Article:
The head of a public, education and
government (PEG) channel advocacy group urges Maryland lawmakers not to include
cable franchise fees that support PEG channel in a state bill that seeks to
review the state’s “telecommunications tax and fee systems.”
state bill, the proposed “Telecommunications
Taxes, Reform Commission and Moratorium” (House Bill 563) was introduced Feb.
3, 2012, and was referred to the House Ways and Means Committee.
On Feb. 22, that committee held a hearing on the
bill, at which Sylvia
Strobel, the chief staff officer of the Alliance for Community Media (ACM),
testified and expressed concerns about HB 563; “specifically its potential
impact on PEG operators in Maryland.”
The bill seeks to
establish a state organization, the “Telecommunications
Tax Reform Commission,” which would “assess the feasibility and fiscal
implications of a competitively neutral telecommunications tax and fee system
that eliminates the disparate treatment of similar telecommunications service
providers.” The commission would submit a report of its assessment to the
General Assembly during the 2013 session.
The bill says the reasons for the assessment of the
“tax and fee system” are because “competition and changes in technology have
expanded the types of telecommunications services to businesses and consumers
in Maryland” and “most state and local taxes and fees on telecommunications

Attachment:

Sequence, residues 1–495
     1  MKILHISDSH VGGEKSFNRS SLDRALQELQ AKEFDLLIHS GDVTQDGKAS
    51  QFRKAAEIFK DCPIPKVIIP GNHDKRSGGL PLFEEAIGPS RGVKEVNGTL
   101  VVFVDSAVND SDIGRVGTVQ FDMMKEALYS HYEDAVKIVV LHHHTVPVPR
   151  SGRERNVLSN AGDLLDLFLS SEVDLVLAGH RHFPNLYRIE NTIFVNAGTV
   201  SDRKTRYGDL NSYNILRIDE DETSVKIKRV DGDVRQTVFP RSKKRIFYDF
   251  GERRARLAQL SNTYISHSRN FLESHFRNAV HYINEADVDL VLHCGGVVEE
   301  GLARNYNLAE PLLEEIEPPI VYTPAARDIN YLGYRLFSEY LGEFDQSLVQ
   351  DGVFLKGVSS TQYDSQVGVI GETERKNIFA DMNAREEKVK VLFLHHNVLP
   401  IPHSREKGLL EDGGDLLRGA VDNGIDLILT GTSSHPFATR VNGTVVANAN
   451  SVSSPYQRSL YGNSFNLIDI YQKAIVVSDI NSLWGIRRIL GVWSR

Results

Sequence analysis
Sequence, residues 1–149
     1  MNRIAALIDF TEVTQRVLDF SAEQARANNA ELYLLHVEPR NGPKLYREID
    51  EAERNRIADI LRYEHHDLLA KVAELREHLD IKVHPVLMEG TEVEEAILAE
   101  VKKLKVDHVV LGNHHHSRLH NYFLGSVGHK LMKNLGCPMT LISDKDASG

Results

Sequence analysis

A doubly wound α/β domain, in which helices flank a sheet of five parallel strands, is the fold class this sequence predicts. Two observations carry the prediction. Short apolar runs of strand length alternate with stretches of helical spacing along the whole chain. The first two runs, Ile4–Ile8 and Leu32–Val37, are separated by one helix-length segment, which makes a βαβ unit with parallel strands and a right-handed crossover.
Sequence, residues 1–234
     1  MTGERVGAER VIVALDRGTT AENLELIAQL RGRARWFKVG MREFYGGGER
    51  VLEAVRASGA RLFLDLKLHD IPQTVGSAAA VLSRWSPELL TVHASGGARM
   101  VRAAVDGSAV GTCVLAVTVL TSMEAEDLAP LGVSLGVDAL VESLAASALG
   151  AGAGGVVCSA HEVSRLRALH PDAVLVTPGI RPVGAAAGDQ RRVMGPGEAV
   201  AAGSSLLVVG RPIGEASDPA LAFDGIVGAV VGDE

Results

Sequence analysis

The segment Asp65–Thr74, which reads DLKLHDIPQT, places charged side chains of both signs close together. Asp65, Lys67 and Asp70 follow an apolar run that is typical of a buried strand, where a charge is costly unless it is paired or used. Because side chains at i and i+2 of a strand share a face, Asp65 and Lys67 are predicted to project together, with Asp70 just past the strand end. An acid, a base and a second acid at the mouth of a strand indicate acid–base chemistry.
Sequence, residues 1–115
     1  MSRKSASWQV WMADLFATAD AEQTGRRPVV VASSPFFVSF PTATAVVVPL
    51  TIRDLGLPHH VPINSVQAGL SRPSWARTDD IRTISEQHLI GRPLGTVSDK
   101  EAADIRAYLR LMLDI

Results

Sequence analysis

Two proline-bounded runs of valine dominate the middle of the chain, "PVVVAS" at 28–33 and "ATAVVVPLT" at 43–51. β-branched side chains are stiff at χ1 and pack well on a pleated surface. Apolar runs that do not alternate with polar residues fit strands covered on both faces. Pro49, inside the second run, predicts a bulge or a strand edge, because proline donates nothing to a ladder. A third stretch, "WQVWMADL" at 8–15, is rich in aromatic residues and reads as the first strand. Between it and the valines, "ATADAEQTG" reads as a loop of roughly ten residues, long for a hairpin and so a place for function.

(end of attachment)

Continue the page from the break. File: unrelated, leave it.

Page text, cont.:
services were adopted before these changes in technology and the emergence of
Therefore, the “current tax and fee structures may
no longer be suitable for the telecommunications marketplace” and “the burden
of collecting and remitting taxes and fees on telecommunications services is
borne by providers of the services” who, along with other entities that receive
revenues from telecommunications taxes such as the state and county
governments, “should participate in any discussions about restructuring” those
taxes and fees, the bill says.
In her testimony, Strobel said unlike public radio and
public television, PEG channels do not receive any federal or state funding, but
they “rely primarily on PEG access and franchise fees to pay their employees
and operate their newsrooms and facilities.”
In addition, since 2005 there has been “a drastic
reduction in community media centers in states that have moved away from local
municipal franchise negotiations to a statewide system of franchise and access
fees,” she said.
“While we understand why the General Assembly wishes to
review the taxation issues, PEG and cable franchise fees should not be included,”
Strobel said. Those fees “are best negotiated at local level, with agreements
based on local needs of communities (as opposed to the general population base),”
she said. “We [ACM] respectfully request that the state of Maryland take all
steps necessary to prevent further erosion of public participation in U.S.
cable communications systems now and in the future.”